When Language Meets Culture

March 3, 2017
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“I didn’t know that you were so mean!” the 8-year-old suddenly turned around and yelled out with an angry voice. She was only at my chin, and had to lift her head up to look at me. Her knuckles turned white as she tried to hold her hands down at her thighs. Her cheeks burned red from either the blazing wind or the violent fire of rage pushing to escape from the lids of those dark blue eyes. I stood steps away from her, filled with confusion and surprise. My cheeks also burned, not from rage, but from embarrassment caused by all those pairs of accusing eyes on me. I was 10, and this was the day that I truly understood the power of culture to twist the meanings of language, and our understanding of others around us.

It was the late summer of 2011 when I first went to camp in America. Being the only Chinese at the camp and having only joined towards the end of the season, I was, as expected, left out. Waving goodbye to my mother, I sat down by the edge of the walls of the indoor-gym, trying my best to make myself unnoticed. “As we all know, it is this camp’s tradition to end the summer with a fair!”, said a blond middle-age woman with great enthusiasm as everyone quieted down, “and now it is time we shall start planning for it, aren’t you all excited?” On that cue, everyone, except me, who was confused and did not know what was going on, started cheering. “So, as always,” the tutor continued, “we’ll split you into groups, and the eldest member of the group will be the group leader. You will work together to create attractive booth and at the end of the fair we’ll compare and see which booth is the most attractive.” “ Also in case you have forgotten,” she reminded, “everyone will get 5 tickets, and you will use these tickets to play at the different booths. Now, if there are no more questions, let me split you in your groups so you can start planning.”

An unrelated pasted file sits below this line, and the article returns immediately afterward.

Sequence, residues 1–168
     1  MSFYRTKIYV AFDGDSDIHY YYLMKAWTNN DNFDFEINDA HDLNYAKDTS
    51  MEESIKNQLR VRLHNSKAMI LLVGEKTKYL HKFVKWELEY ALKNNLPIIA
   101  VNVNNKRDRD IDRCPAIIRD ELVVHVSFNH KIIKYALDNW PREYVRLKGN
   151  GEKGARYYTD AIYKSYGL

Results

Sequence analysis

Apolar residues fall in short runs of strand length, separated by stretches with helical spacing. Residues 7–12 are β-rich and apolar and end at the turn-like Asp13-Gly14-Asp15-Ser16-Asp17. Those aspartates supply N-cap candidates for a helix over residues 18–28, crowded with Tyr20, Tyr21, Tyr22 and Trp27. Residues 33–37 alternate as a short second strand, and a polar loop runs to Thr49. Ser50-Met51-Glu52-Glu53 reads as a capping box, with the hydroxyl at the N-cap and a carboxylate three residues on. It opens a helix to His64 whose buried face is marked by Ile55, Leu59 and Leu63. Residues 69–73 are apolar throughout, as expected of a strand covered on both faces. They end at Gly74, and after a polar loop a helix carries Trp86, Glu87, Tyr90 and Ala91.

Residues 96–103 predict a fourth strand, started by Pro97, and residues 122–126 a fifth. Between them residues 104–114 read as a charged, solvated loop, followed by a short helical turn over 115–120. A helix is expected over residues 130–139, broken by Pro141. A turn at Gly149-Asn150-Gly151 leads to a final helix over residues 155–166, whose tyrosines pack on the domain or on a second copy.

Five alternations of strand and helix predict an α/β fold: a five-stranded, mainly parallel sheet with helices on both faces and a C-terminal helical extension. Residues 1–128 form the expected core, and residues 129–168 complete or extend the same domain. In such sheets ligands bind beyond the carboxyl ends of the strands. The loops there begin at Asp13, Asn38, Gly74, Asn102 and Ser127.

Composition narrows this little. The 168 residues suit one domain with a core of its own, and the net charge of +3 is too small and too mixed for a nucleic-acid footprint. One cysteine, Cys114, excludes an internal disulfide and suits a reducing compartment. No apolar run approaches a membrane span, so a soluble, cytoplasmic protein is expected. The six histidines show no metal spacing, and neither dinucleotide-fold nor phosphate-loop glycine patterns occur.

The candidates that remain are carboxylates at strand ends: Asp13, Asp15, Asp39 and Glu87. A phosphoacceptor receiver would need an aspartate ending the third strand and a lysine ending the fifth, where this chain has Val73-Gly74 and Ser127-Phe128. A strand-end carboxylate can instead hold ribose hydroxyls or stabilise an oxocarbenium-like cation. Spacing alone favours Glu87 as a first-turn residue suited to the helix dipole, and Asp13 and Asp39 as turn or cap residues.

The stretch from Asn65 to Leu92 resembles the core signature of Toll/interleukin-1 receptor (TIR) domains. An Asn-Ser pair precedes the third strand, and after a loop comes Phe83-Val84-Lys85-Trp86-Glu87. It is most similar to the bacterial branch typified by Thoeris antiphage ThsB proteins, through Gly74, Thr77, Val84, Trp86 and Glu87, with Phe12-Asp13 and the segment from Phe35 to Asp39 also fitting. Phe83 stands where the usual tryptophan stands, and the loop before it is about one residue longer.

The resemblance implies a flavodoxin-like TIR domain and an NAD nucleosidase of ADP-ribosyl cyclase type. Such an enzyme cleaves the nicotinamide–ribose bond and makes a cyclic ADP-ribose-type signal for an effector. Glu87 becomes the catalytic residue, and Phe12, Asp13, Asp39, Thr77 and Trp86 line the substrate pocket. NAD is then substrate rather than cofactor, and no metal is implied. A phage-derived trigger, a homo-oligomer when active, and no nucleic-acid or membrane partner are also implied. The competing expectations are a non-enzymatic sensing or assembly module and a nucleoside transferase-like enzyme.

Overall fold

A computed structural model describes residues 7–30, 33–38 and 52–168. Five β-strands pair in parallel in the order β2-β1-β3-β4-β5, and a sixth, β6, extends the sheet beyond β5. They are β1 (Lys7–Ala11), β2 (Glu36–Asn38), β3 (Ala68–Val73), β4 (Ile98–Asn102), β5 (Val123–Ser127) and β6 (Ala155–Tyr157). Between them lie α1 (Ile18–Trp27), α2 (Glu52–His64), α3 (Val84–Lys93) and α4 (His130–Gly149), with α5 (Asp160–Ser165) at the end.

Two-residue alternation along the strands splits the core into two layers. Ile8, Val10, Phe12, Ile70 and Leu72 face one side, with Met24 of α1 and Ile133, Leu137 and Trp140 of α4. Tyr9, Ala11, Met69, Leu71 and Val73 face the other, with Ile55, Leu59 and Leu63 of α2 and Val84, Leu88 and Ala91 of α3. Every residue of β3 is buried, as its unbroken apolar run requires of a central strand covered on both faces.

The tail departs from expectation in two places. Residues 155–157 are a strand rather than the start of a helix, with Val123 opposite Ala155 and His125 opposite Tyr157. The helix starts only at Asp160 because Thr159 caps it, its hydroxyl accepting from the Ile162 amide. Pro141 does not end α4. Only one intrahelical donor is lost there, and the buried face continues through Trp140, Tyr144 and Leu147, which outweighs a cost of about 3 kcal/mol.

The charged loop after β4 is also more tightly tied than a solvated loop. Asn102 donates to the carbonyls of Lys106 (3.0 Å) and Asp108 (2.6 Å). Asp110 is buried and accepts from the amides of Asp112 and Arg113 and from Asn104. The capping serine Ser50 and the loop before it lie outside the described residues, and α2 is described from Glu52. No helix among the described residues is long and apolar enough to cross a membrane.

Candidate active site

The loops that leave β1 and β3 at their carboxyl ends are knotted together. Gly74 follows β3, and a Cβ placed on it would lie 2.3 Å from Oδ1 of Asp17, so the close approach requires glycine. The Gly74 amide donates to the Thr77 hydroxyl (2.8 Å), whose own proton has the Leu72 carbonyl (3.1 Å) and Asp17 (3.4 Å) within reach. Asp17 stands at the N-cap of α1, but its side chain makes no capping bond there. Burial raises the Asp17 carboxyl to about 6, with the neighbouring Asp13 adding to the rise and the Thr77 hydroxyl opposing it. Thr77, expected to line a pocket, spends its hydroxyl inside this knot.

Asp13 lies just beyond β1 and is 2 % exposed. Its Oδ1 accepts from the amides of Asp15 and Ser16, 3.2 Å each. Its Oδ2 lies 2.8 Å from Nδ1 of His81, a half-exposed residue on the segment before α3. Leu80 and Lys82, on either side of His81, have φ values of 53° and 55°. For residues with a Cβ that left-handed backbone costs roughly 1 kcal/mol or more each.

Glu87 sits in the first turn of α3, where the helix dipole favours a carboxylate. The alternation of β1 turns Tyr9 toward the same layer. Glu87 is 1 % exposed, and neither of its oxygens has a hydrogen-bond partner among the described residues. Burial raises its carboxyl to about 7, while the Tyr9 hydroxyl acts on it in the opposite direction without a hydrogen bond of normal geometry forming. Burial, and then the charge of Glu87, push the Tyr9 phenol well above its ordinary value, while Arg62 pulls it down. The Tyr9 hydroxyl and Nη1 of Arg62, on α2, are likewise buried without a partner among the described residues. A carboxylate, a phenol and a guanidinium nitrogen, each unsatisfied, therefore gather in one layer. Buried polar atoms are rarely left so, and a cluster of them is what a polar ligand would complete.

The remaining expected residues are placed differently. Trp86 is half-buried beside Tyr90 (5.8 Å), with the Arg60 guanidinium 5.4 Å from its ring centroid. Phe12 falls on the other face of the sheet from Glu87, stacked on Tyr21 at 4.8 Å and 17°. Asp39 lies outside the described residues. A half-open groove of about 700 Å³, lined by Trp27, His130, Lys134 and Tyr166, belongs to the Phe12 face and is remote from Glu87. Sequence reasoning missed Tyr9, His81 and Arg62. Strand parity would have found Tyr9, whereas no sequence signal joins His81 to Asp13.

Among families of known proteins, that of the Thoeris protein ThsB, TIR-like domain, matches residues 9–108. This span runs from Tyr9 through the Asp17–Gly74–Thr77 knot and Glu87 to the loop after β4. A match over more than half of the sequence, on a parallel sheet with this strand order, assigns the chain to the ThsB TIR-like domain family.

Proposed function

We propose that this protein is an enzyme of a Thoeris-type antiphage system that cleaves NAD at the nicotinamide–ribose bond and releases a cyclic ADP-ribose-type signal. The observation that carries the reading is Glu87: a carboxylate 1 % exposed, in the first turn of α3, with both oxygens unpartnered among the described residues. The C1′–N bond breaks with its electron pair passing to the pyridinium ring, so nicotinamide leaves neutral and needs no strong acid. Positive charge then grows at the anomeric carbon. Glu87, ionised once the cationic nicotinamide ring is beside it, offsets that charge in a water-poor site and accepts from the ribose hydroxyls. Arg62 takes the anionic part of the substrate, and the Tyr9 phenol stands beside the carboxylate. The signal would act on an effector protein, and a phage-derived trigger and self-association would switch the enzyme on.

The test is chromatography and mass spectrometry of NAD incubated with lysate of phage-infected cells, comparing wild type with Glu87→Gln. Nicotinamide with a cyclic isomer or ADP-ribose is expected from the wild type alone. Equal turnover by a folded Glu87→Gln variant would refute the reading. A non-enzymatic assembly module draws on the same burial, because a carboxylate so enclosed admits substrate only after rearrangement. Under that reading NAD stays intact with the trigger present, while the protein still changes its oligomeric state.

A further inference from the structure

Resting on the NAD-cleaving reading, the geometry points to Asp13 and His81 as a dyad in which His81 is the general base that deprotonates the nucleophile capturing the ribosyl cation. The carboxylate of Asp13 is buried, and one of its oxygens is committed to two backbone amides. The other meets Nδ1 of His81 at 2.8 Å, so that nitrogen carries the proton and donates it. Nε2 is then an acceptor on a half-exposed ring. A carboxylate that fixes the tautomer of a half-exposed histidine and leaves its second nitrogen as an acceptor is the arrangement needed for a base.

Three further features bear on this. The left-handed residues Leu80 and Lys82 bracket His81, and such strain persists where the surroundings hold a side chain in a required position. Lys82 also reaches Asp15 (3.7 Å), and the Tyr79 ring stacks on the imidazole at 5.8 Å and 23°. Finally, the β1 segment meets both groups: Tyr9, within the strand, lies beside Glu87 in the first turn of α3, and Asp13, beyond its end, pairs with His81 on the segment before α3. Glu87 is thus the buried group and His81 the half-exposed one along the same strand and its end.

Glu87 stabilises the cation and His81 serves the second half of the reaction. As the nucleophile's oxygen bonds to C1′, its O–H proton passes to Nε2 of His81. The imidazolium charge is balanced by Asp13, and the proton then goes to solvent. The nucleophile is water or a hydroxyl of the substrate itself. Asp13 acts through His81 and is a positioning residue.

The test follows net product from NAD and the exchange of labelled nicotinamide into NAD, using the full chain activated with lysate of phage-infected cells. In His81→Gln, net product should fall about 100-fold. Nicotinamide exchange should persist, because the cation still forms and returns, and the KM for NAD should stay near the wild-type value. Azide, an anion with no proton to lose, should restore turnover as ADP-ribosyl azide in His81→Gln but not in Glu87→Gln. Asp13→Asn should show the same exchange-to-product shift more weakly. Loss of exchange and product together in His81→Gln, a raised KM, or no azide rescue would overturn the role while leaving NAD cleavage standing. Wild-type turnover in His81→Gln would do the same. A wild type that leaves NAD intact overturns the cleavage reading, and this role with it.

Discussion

When, with some effort, we finally got down into our groups, I unfortunately found out that I was the oldest member of my group. This meant I was going to have to oversee a group of unfamiliar people, and organize an unfamiliar activity. Being extremely uncomfortable with the role, I tried to make this process go as fast as possible. I jumped straight into the topic about how to build our booth without even bothering to learn my group member’s names.

Soon, came the day of the fair, and it seemed like the whole camp was filled with the air of joy and energy. Kids hurried to set up their booth, and tutors moved around to keep the order and give help when necessary. I was probably the only one who felt like that I had a duty to fulfill, checking with the other kids in my group multiple times to make sure that they remembered their shift.